I've had the same experience with my reed geek. After you play a reed for about 20 minutes, the center of the flat side begins bulge. The geek flattens it all. You can even tell it's flatter because reed the doesn't slide around on the table when you put it on the mpc. Also, if you take the newly flattened reed off after playing it, there is no moisture under the reed.
 

·
Registered
Joined
·
840 Posts
I use the reed geek for a few passes lightly on the back of the reed as I sometimes have issues with reeds that initially play great and then after 10-15 minutes of playing them, they go south on me. Works really well for me. I only use it on the back of the reed and not on any other areas. Perfect seal after I am finished. I know some say the suction test or sealing test does not matter or make a difference. My old clarinet teacher who also was an excellent mouthpiece refacer could not stress enough the importance of a reed that seals perfectly. This advice has stayed with me throughout the years and I am a firm believer in it
 

·
Banned
Joined
·
566 Posts
Thanks. I ask because i have been playing on a metal piece and it stopped sealing on that piece after a few days for whatever reason. I then tried it on a new HR piece I just got and it played great and sealed and then 10 minutes later it started not playing great and of course it is not sealing again. I was about to chuck it in my shoebox but then thought maybe I can resurrect some of these.........
don't use a shoe box,use a rubbish bin.
problem solved.
now if you had very little money,then its time to work the reed which you probably know about.
goodluck.
 

·
Banned
Joined
·
2,248 Posts
you soak them for a few hours or more then put them in plastic reed guards like vandoren or daddario stock clear plastic ones, put them in a ziploc bag and let them
Dry very slowly over course of a day or two. After first 24 hours you ca. Slightly open bag to allow some more air in and prevent mold. After a couple days the reeds should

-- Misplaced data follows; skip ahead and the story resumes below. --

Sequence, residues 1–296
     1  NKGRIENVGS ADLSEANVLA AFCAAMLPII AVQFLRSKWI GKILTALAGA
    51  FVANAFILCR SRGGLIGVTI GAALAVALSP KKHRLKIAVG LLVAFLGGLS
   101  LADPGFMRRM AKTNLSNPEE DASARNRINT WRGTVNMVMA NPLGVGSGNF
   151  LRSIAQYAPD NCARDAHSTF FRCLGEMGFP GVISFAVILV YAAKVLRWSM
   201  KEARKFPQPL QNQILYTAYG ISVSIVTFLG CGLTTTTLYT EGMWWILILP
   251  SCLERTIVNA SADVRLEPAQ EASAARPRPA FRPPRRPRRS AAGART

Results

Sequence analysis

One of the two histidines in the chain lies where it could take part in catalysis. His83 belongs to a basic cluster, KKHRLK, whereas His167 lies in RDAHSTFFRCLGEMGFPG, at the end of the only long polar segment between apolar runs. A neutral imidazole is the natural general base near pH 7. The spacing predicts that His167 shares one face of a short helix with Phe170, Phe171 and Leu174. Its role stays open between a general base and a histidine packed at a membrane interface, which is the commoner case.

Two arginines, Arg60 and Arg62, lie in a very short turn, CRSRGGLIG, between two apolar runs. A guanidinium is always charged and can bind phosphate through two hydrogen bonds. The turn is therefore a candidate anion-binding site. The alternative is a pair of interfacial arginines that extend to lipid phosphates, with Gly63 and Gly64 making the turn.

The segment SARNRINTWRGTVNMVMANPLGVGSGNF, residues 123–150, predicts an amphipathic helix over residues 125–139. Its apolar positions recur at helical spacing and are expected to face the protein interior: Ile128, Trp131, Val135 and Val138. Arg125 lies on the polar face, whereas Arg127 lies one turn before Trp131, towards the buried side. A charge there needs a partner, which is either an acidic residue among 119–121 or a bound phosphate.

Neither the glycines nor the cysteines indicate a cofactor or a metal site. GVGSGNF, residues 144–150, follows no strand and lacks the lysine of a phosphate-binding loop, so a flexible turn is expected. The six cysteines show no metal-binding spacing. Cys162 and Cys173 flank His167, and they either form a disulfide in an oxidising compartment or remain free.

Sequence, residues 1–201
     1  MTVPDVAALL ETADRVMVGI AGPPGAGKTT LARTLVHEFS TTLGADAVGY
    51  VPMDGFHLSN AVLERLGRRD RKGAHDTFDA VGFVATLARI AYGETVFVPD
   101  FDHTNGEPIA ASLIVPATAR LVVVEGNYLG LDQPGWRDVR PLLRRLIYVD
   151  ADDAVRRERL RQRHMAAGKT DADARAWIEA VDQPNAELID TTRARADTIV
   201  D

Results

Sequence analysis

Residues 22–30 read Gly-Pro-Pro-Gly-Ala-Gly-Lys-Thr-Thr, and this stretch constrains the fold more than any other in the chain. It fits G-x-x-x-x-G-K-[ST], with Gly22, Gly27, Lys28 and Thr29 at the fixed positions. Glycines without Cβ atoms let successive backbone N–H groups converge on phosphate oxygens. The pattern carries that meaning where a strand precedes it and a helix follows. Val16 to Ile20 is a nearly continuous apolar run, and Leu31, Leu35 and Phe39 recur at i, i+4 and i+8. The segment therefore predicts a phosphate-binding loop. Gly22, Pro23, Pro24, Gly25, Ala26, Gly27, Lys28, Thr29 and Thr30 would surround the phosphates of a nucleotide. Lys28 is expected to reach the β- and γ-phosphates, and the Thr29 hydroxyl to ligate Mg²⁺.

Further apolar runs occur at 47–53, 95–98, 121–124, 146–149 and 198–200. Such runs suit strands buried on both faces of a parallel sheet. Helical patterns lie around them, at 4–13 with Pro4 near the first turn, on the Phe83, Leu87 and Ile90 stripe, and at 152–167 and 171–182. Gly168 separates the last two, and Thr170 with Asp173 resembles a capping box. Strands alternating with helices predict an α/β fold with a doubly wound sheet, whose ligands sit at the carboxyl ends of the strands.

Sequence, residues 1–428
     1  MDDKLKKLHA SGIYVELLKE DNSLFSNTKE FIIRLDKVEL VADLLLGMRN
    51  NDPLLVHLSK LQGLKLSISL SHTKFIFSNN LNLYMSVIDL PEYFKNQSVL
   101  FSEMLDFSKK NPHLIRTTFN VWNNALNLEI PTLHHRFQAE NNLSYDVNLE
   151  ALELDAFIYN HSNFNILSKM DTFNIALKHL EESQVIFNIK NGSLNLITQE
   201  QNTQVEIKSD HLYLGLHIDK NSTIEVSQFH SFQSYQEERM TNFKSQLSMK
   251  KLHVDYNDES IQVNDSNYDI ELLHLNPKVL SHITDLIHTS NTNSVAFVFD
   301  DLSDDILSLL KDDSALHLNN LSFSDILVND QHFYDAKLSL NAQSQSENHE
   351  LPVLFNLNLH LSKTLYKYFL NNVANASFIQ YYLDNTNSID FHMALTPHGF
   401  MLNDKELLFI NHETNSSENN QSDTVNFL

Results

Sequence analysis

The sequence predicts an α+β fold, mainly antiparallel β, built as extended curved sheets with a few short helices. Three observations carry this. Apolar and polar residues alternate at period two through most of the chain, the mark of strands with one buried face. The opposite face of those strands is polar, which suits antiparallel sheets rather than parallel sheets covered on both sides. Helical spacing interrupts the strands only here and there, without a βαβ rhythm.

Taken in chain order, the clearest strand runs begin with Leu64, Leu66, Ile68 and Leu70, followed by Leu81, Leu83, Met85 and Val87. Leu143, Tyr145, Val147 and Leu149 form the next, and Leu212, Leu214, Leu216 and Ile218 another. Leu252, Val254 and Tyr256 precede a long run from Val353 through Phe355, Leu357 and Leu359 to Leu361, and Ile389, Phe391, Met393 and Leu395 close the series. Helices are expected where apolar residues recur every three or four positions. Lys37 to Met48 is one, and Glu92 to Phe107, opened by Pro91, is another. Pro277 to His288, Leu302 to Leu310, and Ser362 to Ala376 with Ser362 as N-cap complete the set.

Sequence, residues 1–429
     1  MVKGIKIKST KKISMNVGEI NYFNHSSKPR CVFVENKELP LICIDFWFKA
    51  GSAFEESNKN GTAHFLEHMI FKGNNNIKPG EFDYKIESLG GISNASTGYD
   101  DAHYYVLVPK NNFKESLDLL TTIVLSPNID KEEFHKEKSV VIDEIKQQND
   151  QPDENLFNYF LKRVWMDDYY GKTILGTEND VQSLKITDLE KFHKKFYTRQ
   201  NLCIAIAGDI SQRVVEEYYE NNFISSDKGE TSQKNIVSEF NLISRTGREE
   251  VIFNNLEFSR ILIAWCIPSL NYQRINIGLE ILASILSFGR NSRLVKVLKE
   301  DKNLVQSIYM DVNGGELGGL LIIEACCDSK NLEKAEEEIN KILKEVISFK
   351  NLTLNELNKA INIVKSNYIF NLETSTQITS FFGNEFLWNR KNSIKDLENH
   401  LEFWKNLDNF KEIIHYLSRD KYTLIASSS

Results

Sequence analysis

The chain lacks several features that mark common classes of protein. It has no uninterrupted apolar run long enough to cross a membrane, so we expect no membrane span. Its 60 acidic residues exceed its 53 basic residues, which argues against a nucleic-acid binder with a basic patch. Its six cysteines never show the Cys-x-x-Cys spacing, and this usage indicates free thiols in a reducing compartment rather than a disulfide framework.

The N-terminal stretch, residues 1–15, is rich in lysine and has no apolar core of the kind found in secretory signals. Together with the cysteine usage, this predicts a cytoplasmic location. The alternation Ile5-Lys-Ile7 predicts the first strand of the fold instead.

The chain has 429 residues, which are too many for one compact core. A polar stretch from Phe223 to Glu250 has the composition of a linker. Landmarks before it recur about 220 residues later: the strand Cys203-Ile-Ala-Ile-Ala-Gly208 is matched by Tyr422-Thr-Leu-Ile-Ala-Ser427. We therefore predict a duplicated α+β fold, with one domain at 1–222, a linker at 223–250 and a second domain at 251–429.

Be returned to a flat state.

I’ve had immediate success with scraping with a knife the back middle portion like others have mentioned BUT your taking material
Off the reed and thus it’s a thinner reed. There is a trade-off.

Once it dries then you will be dealing with same issue all over again.

If you can prevent them from ever drying past 60-70% humidity they will not warp and be
Be more stable too.

Ahhh reeds!! :(
 

·
Registered
Joined
·
976 Posts
I find most reed bottoms are like ice skating blades, high on the outside edges. 600 grit on a glass piece over a couple days usually does it. don't fix it all at once. I never try the sealing test , so,,,,,,
 

·
Distinguished SOTW Member
TENOR, soprano, alto, baritone
Joined
·
7,420 Posts
I don't either - I've seen guys take the mouthpiece off and suck the air out so the reed stuck shut - my reaction was 'So, what happens now?'. I don't waste time messing with reeds - I tried it a few times over the years but always go back to buying by the box and using most of them. I like the 'core' of a new, unmodified reed and I like how the reeds change over time in rotation.
One thing about this thread is it illustrates two concepts; one is to leave the reed on the mouthpiece because you believe there is some benefit to it taking a set curve.
The other concept is to keep the reed straight, like a new reed, so it plays more like new every time. I do this by using Reed Guards - take the reed off after playing and put it in the RG wet. Next time you want to play that reed, take it out, wet it and put it back in for at least 30 minutes but up to several hours depending on humidity. The reed is straight and flat and plays like new. Besides, you must take reeds off a metal mouthpiece if you care about the mouthpiece.
A part of this regimen is regular cleaning of the reeds. Typically I'll do this before going to a practice or a gig; Take the reeds out of the RG, put them in a flat-bottomed plate/saucer and pour on some Hydrogen Peroxide. Wash the reeds in it scrubbing with a toothbrush, both sides. Shake off excess liquid and put them back in the RG. They'll be ready to play when you are ready for them.
This is how you keep reeds like new longer but I guess it doesn't work for the guys who want to use a harder reed that plays softer because it is allowed to stay bent, reducing the effective tip opening by 50% or more. Presumably this is done to promote 'reed sealing'. Hmmm...
 

·
Registered
Joined
·
2,814 Posts
If the reed stops sealing after 10 or 15 minutes, it's warping due to absorbing moisture. Matt Stohrer did a video showing this, and showing the solution - scrape the back of the reed, and it will seal again.

FWIW he used a 3-sided scraper (Music Medic sells these for less than $15). They are a lot easier to use than a Reed Geek, but you can't take them on a plane :)
 
1 - 13 of 13 Posts
Top